But he’s old, and seems older than the other old guys out there like Tom Brady and Drew Brees. He’s lost arm strength and he can’t move. I’m kind of shocked his completion percentage was so high, as so many of his balls were caught at or below the knees. I worry just a little regression means those balls drop, and the deep balls go 5–10 yards shorter. Was this just a charmed year when he (barely) managed to stay healthy through the entire season? Will he be able to rehab totally from his impending foot surgery or is it the beginning of a downward slide physically?
The Colts don’t have the assets to trade up to get one of the top quarterbacks in the draft. Nor should they mortgage their other strengths in an effort to go get Deshaun Watson or Dax Prescott. Reich worked with Carson Wentz in Philadelphia, but I don’t think he’s worth trading for. Sam Darnold is an interesting reclamation project, but not for a team that is poised to win now like the Colts.
In short, unless Andrew Luck decides to un-retire, it seems like the Colts’ best move is to bring Rivers back for another year. Which means another 10-ish win season and early playoff loss. For everything Rivers can do, in his current state he’s not a quarterback who can win you a Super Bowl. Certainly not when you have to get through Josh Allen, Baker Mayfield, Lamar Jackson, and Patrick Mahomes just to reach a Super Bowl.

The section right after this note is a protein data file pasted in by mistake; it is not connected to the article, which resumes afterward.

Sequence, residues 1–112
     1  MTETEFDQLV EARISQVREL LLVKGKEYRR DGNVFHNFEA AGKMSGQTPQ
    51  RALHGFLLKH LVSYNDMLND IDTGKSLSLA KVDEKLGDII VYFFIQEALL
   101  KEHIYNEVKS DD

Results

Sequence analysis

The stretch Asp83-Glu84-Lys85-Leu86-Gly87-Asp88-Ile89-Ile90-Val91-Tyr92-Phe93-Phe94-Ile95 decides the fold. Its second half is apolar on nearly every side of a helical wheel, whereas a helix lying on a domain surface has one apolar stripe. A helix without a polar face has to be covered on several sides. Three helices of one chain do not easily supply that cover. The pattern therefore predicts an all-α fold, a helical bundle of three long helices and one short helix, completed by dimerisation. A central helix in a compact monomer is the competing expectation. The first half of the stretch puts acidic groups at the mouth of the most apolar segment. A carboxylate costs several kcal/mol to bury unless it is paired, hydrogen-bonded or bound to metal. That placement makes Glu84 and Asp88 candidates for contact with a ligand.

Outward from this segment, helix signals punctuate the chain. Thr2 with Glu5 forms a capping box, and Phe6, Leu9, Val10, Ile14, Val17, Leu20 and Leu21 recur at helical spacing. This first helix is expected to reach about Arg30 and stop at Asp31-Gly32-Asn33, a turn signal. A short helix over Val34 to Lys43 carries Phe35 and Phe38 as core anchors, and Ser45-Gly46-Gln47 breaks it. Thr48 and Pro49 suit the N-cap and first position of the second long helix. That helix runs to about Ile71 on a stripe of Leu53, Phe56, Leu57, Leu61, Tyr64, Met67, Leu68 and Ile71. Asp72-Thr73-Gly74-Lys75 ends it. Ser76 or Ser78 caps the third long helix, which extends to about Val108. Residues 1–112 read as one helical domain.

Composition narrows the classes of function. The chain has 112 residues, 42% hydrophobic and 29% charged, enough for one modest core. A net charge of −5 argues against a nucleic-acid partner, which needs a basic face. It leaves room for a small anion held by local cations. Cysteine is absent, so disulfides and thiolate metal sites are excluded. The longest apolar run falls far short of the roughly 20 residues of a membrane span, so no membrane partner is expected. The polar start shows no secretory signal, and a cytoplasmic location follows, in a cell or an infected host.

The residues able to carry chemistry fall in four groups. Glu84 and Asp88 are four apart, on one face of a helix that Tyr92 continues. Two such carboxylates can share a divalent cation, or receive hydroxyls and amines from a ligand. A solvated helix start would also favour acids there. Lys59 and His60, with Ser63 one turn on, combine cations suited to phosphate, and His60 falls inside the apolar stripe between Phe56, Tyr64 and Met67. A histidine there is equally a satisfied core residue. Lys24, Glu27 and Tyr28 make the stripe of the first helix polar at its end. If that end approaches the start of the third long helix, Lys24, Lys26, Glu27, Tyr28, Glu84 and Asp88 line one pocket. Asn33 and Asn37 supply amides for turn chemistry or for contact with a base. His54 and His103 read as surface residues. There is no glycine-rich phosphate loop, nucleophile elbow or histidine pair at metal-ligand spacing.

Based on the last four games, the Jayhawks seem to be on a clear hot-cold cycle. Shot really well and won comfortably in games one and three against West Virginia and TCU. Shot poorly and got run out of the building by Texas in game two. Shot poorly and were lucky to survive Oklahoma in game four Saturday.
So I guess Oklahoma State better watch out tomorrow!
Every KU game the announcers mention how different this team is from last year, notably when David McCormack struggles inside where Udoka Azubuike would be dominating. That’s true. But where this team really struggles is in missing a true point guard. Marcus Garrett is a terrific player, but he’s not a true point guard, especially when he tries to do too much. Which seems like most possessions this year. Dajuan Harris is going to be a good, four-year player. But he’s not ready to be the consistent PG–1. The four/five smalls lineup makes it easier to mask not having a true point, but there are so many moments when the offense breaks down and Garrett or Jalen Wilson or someone else forces the issue late in the shot clock and dribbles into disaster.
You know who would be a perfect match for this offense? Devon Dotson, who – checks notes – has played 10 total minutes in his first 11 NBA games. Alas…